"Gadhafi is perfect for a number of reasons: Libya can offer France oil and contracts worth billions for the French nuclear industry. And Sarkozy can revive his favourite topic of a Mediterranean Union, which would now include Libya. By building a bridge across the Mediterranean, Sarkozy is attempting to avert France's loss of importance in an enlarged European Union that has moved to the east. The Mediterranean Union that Sarkozy envisages would also include Turkey, which would then not be an EU member. And post-colonial France would also be able to win more power in the Mediterranean."
"But with this combination of nationalist, geo-strategic and private interests, Sarozky is not doing France, the EU or the Mediterranean Union any favors. The idea of bringing those nations who are fascinated with Europe -- but whose entry is still almost impossible -- closer to the EU is basically sensible. But Sarkozy's tactics could end up casting the whole idea in a negative light."
The left-wing Die Tageszeitung -- whose front cover Friday shows a photograph of Gadhafi under the headline "Would You Sell This Man a Nuclear Power Plant?" -- writes:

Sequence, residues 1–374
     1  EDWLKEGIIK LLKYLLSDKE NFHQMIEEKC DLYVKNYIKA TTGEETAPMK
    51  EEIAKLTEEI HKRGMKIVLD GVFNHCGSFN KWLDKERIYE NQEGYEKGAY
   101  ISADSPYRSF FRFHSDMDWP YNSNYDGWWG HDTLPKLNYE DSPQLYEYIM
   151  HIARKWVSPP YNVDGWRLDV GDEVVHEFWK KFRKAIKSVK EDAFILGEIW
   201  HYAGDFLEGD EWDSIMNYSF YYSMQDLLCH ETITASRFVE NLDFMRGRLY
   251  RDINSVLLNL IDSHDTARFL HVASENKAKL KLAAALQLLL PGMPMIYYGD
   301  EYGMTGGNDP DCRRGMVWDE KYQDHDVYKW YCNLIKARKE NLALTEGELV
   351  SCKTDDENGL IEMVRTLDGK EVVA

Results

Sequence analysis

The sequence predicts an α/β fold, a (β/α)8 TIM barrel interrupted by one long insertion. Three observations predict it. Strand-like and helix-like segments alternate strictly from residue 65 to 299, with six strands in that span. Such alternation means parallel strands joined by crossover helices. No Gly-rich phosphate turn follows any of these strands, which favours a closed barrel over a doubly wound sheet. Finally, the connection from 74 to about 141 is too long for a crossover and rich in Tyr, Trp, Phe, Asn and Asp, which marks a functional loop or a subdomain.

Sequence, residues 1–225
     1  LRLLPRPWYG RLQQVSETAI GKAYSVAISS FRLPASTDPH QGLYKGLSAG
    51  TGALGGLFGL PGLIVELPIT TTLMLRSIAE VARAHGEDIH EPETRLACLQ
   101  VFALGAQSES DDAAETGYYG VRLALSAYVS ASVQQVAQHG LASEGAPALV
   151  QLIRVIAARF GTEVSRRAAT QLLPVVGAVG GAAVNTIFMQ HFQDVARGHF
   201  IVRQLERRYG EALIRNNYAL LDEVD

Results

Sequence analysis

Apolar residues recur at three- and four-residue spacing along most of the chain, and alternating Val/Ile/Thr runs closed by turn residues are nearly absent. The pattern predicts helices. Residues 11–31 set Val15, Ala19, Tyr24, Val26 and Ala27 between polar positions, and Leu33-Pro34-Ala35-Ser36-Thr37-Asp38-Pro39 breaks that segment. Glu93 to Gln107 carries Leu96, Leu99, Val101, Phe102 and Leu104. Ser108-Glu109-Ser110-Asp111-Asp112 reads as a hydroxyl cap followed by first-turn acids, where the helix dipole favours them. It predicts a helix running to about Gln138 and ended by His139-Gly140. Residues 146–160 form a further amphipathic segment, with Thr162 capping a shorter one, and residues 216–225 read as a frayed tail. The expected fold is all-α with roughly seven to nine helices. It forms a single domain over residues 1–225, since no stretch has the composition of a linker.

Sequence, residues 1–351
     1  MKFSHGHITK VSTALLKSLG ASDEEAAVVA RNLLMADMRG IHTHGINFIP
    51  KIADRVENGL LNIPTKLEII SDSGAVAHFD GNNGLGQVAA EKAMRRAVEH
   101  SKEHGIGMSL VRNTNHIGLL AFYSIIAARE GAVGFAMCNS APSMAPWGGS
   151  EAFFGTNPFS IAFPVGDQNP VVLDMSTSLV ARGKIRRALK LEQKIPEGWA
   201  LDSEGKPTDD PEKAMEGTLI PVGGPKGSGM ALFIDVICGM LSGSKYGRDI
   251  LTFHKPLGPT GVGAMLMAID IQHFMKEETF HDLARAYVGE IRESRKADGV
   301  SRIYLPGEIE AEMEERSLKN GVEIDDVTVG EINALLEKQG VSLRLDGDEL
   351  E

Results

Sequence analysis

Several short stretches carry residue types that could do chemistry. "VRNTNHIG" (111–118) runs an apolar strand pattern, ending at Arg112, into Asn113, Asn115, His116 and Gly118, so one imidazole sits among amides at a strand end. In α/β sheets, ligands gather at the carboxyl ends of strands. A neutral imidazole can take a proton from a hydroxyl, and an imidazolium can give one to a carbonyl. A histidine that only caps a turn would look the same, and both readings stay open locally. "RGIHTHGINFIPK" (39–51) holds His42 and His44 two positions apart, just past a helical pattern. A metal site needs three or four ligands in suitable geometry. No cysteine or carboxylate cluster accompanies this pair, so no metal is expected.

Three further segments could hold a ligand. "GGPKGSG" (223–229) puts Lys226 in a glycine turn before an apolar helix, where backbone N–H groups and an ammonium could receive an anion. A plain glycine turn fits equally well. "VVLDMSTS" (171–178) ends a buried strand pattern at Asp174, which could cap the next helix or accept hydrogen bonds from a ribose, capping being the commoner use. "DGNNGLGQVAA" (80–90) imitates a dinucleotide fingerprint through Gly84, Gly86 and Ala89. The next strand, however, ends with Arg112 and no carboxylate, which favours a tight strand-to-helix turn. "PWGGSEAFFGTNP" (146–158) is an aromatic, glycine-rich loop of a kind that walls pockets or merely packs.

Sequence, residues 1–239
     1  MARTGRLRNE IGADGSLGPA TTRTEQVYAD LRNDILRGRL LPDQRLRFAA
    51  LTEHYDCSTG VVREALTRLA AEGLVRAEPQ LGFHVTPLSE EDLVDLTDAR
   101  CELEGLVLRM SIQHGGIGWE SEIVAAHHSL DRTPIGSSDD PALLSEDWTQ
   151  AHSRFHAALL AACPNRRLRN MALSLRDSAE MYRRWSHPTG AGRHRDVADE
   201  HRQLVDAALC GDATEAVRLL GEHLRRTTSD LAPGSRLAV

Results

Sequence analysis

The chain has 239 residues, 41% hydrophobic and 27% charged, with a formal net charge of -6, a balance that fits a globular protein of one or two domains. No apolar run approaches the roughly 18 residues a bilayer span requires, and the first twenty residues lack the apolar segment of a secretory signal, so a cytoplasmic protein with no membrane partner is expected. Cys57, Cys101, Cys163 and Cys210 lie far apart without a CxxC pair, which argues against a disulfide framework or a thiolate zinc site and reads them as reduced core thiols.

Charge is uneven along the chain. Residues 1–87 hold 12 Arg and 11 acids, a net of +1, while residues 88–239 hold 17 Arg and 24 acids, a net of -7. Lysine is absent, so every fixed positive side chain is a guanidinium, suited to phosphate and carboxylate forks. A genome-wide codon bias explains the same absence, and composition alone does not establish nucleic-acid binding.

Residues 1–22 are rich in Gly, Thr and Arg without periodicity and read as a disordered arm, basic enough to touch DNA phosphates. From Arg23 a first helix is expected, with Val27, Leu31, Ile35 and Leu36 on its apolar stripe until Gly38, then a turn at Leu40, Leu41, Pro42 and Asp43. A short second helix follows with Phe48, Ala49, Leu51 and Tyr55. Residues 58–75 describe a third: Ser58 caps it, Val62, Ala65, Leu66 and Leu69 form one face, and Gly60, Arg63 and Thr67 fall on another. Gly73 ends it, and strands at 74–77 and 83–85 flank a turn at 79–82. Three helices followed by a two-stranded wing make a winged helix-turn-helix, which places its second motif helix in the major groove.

"If the EU ever had anything that could be called a credible human rights policy, then we can definitely wave goodbye to it now. Because Sarkozy's Libya trip and his nuclear and military deals are not just the embarrassing sequel to the farce called 'How the Sarkozys Saved the Bulgarian Nurses.' It is a European disgrace."
"Obviously all European decision-makers care about is not being left behind in the global fight for natural resources, markets and spheres of influence. Human rights abuses are somewhat troubling, but President Sarkozy has just displayed the ease with which the threshold can be lowered."
The left-leaning Berliner Zeitung writes:
"The humanitarian women's program in Tripoli was followed by the appearance of two very masculine men. With puffed-out chests, steady strides and serious faces, Libyan leader Moammar Gadhafi and French President Nicolas Sarkozy played the role of important politicians. France was including Libya in the circle of respectable nations, for all the world to see, helping the reformed rogue to rearm and promising him a nuclear reactor."
"For its part, Libya is supposed to keep the flood of migrants away from Europe, or at least control them better, and to fight terrorism, an area with which Gadhafi is only too familiar. To everyone's delight, access is now open to Libya's oil supplies."
"Yesterday's enemy is today's friend. Gadhafi has pledged to abandon terrorism. But can this man who loves dodging and weaving be trusted? The negotiations on the release of the Bulgarian nurses inspired mistrust more than anything else. There is nothing wrong with trading with Libya, normalizing relations and doing everything possible to make the country more open. But nuclear reactors and weapons are hardly suitable at this stage of the game."
-- Siobhán Dowling, 4:00 p.m. CET